I'm a postdoc in computational biology. I've been given the opportunity to choose if I want to be co-first author (listed second) or a co-corresponding author (possibly listed next-to-last or third from last) on a manuscript based on my contributions. It has been beaten into my head that postdocs looking for a job are judged by their first author publications, but I've also recently heard that having corresponding author papers highlights your ability to plan and supervise a study and may help you get a job. Which option is better and why? I'm already listed on a separate manuscript as the last (and co-corresponding) author.
I would say co-first author:
- First authorship is more important: if a professor both led the work and made the biggest contribution to the paper, they will generally choose first authorship rather than last authorship.
- Early in your career, making a big contribution to the research itself is likely to be most important, and first authorship shows that.
- The "last author" signifying the leader of the work is less widespread (one discussion here). Even in fields that use this convention, it is not always used. Thus, your last authorship might not mean as much. Especially if someone knows you are not a professor leading your own lab, they might not give you much credit for this.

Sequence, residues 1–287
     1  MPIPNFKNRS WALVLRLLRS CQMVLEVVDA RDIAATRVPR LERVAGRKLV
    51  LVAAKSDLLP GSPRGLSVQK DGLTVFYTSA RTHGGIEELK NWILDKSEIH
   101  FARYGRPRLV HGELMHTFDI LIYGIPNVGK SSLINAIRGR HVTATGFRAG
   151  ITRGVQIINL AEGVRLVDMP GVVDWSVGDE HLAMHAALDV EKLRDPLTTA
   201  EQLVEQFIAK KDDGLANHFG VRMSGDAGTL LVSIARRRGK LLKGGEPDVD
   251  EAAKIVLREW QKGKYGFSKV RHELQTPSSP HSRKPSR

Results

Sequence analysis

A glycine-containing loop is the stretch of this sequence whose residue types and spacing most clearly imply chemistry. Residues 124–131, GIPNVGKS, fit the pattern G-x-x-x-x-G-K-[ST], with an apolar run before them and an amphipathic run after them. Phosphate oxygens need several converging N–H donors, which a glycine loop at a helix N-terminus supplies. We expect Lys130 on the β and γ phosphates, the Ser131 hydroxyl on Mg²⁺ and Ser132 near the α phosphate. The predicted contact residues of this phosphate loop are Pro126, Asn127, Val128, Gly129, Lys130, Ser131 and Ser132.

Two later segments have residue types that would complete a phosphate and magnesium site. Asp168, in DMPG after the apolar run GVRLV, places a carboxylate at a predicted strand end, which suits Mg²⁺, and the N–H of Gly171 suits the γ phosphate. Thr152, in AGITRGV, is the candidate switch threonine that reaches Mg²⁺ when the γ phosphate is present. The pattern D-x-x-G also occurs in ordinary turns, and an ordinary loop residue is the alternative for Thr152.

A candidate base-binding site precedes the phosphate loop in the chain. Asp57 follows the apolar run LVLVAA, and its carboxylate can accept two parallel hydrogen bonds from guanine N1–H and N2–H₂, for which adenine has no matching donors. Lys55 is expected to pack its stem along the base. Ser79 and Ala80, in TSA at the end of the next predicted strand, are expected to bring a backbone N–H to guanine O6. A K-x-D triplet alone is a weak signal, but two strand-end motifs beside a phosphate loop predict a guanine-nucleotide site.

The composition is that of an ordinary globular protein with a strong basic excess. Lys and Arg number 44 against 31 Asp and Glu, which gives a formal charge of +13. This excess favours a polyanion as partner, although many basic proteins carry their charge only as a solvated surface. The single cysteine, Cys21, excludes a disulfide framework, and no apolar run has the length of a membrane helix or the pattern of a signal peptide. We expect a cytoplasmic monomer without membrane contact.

- "co-first authorship" is a clear idea: you are one of two people who equally made the largest contributions to the work. But "co-last authorship" is not so clear. What does it mean? Especially if the other last author is the professor who runs the lab? It's not clear what this would say about your contribution.
Of course this is referring to fields where authorship ranking by contribution is used; this isn't universal.
If possible, you should aim to have both in your portfolio. Your goal as a postdoc is to show that you are as versatile and as talented as possible. First-author publications demonstrate your ability to do research; "last-author" or corresponding author publications show an ability to oversee research (although the former effect is stronger than the latter).